(AbsoluteNews.com) – In 1980, the World Health Organization (WHO) announced the deadly variola (smallpox) virus was eradicated. It was welcome news to a world that was once ravaged by the disease. Recently, a discovery in a Pennsylvania lab reminded people of the horrific dangers of the virus.
On November 15, the CDC confirmed vials labeled “smallpox” were found in a freezer being cleaned out at a vaccine research facility outside Philadelphia. The FBI and disease control agency quickly jumped into action and began investigating the incident at the Merck Upper Gwynedd facility, forcing it into lockdown. On Thursday, just a few days later, the CDC announced the vials didn’t contain any traces of smallpox, but instead contained vaccinia, the material used to make the vaccine for the virus.
Not smallpox: Vials found in a lab freezer in Pittsburgh that were labeled "smallpox" did not in fact contain the eradicated virus, @CDCgov announced this evening. They contained vaccinia, a related virus that is less harmful & is used as the basis of #smallpox vaccine.#Phew! pic.twitter.com/OSwgMk7cf7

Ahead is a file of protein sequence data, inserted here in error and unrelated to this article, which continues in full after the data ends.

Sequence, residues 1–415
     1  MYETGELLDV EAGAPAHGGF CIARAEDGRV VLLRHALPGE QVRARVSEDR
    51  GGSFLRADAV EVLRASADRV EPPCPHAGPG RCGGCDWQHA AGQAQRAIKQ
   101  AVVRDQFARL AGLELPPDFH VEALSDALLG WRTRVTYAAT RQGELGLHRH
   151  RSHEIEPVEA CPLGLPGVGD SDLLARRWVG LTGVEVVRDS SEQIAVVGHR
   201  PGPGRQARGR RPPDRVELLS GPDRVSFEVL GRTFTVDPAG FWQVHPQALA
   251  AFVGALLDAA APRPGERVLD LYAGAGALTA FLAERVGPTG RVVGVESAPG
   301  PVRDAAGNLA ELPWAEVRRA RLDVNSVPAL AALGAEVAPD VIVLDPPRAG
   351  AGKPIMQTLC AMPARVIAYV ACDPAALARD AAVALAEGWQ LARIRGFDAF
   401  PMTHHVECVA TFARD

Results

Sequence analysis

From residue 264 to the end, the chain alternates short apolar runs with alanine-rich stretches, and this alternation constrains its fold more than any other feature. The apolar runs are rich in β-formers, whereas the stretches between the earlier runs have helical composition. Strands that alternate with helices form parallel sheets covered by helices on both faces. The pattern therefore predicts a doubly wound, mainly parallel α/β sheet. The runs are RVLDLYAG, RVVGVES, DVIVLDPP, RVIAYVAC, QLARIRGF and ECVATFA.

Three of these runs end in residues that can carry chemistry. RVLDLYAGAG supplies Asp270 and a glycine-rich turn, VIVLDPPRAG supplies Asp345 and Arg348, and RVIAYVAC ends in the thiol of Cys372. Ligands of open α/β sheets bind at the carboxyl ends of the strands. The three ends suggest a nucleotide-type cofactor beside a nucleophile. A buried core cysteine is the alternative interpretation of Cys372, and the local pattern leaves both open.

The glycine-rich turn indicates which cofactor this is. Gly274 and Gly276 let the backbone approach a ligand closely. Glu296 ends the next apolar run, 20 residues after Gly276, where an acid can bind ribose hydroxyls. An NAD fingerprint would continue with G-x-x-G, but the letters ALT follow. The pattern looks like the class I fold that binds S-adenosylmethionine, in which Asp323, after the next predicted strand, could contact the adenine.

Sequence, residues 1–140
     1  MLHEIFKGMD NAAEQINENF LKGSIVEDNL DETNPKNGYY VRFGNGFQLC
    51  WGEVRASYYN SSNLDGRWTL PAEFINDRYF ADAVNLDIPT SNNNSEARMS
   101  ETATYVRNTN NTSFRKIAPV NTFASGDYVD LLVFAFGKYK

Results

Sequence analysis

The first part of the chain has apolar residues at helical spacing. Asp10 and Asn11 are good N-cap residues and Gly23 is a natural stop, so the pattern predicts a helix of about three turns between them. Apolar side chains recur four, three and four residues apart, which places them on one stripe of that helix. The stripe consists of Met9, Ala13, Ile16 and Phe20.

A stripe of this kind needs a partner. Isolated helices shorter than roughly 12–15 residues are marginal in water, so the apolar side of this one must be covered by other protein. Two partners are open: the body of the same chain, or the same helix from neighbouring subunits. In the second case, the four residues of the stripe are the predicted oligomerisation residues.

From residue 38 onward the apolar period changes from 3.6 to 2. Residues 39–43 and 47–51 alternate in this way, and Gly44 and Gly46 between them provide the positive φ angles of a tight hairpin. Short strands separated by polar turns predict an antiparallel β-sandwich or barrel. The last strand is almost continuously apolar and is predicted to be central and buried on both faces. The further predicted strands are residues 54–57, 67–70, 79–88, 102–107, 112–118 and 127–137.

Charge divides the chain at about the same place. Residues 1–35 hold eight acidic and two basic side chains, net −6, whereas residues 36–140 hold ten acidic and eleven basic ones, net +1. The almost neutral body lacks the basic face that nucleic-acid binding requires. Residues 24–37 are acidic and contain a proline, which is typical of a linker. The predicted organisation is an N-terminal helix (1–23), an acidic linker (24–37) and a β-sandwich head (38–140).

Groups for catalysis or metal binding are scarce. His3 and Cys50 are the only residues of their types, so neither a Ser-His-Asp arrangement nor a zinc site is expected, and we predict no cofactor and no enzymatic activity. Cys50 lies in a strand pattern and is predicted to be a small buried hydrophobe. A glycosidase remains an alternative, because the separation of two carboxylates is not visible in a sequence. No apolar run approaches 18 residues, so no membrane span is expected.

— Helen Branswell (@HelenBranswell) November 19, 2021
The news that the vials didn’t contain smallpox was a relief. The virus plagued the world for centuries. It killed more than 300 million people from 1900 until it was finally eradicated in 1977. People who contracted the disease came down with flu-like symptoms and often got horrible skin lesions. One-third of the people who came down with the virus eventually died from it. Those who survived were often left with terrible scars.
In modern times, the virus only lives in two very secure labs in Russia and the US. The governments have studied smallpox just in case there’s a bioterrorism attack, but there’s a lot of debate within the scientific community about whether the countries should destroy the samples. What do you think?
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